RUN . | /U . | /U . | /U . | /U . | . | . | . | . |
---|---|---|---|---|---|---|---|---|

B2 | 0.85 | 0.25 | 0.75 | 0.10 | 0.09 | 0.005 | 5.625 | 0.75 |

B5 | 0.70 | 0.25 | 0.60 | 0.10 | 0.07 | 0.005 | 1.80 | 0.3 |

B15(H60) | 1.25 | 0.80 | 0.75 | 0.60 | 0.188 | 0.120 | 0.75 | 0.60 |

RUN . | /U . | /U . | /U . | /U . | . | . | . | . |
---|---|---|---|---|---|---|---|---|

B2 | 0.85 | 0.25 | 0.75 | 0.10 | 0.09 | 0.005 | 5.625 | 0.75 |

B5 | 0.70 | 0.25 | 0.60 | 0.10 | 0.07 | 0.005 | 1.80 | 0.3 |

B15(H60) | 1.25 | 0.80 | 0.75 | 0.60 | 0.188 | 0.120 | 0.75 | 0.60 |

Notice that the Reynolds number in the present study is relatively low, which ranges from 2,500 to 8,571.4 for most run cases, except RUN B2, which is 888.9. The flow falls in a regime of hydraulic smooth turbulent or laminar-turbulent transition (RUNB2). These conditions are close to laboratory experiments in mini-flumes. Although the Reynolds stress may not play an important role compared to the inertia force and centrifugal force in channel bends, the quantitative influence of the Reynolds number need to be further investigated. Considering the fact that the same uniform inlet flow velocity was adopted for all run cases in this study, the Froude number may change with the variation of aspect ratio of channel. The influence of Froude number on flow structures was also neglected in the study.

Further, in a natural meandering river, the water elevation near the concave sidewall is usually higher than that near the convex sidewall – the well-documented water super-elevation transverse slope. The super-elevation usually favors the development of the secondary current and produces a higher velocity and lower pressure region near the concave bank (Nguyen *et al.* 2007; De Marchis & Napoli 2008; Abad & Garcia 2009). However, this effect is usually thought to be relatively weak in the flows with a small Froude number (Stoesser *et al.* 2010), the rigid-lid approximation of the free-surface adopted in this study was also used by many other similar numerical studies (Van Balen *et al.* 2009; Stoesser *et al.* 2010; Bai *et al.* 2014) which yield acceptable agreement with experimental data.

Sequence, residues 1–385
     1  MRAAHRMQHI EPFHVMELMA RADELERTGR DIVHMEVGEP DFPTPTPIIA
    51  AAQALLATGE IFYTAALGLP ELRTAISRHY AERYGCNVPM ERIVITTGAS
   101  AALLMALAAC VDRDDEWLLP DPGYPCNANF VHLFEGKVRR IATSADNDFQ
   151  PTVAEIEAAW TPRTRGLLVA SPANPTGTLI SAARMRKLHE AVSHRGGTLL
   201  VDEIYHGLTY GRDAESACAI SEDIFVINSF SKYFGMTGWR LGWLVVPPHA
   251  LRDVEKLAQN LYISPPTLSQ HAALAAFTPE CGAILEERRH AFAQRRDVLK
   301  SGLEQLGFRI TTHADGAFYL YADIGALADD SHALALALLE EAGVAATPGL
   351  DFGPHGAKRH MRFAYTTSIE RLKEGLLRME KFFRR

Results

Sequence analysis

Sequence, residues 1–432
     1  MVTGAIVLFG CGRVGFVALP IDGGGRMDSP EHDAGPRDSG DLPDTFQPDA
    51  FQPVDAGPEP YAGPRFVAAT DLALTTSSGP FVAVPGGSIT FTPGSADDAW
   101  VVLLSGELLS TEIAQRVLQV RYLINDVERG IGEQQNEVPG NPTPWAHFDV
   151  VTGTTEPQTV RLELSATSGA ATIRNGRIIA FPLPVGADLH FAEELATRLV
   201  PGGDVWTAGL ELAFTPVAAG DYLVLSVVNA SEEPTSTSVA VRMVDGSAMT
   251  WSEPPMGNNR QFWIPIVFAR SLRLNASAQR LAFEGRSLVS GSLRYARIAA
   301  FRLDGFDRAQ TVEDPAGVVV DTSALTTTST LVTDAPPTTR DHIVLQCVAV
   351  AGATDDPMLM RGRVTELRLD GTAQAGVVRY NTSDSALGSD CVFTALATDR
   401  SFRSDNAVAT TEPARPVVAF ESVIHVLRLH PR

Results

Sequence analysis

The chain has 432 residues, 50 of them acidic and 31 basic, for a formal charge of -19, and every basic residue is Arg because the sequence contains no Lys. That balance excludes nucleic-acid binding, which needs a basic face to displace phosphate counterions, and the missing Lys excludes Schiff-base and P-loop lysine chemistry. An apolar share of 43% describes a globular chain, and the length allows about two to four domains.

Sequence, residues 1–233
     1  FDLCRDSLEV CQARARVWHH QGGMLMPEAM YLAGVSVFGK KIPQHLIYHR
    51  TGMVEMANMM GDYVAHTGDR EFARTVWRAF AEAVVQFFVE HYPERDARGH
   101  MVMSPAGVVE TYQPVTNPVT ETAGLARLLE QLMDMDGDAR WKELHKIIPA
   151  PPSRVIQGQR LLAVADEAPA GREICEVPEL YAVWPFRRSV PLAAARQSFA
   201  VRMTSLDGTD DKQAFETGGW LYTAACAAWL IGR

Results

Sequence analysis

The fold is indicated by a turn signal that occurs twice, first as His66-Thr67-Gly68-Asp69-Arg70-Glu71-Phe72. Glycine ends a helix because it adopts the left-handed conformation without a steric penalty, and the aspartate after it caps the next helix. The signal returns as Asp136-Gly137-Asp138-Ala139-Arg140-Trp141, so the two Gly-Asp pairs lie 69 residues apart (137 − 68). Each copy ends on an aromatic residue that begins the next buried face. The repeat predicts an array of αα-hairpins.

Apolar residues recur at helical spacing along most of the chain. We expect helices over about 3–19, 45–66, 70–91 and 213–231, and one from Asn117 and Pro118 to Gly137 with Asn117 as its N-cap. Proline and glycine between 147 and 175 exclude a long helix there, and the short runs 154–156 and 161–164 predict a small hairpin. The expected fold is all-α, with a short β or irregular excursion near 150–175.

## CONCLUSIONS

By using a RANS-based 3D CFD solver for incompressible viscous flows, numerical simulations for open channel flow in curved channel bends were carried out. A series of run cases were performed and the influences of river channel sinuousness, aspect ratio and curvature ratio were studied. Simulation results show the following:

For all of the channel bends in this study (maximum deflection angle ranges from 30 to 110°, aspect ratio ranges from 0.25 to 1.0, channel curvature ratio ranges from 0.42 to 3.14), the streamwise velocity is 4–10 times larger than the spanwise velocity and the spanwise velocity is 2–10 times larger than the vertical velocity. The streamwise variation of velocity magnitude along the banks are around 50% of the mean flow velocity, while it is less than 25% along the centerline of the channel.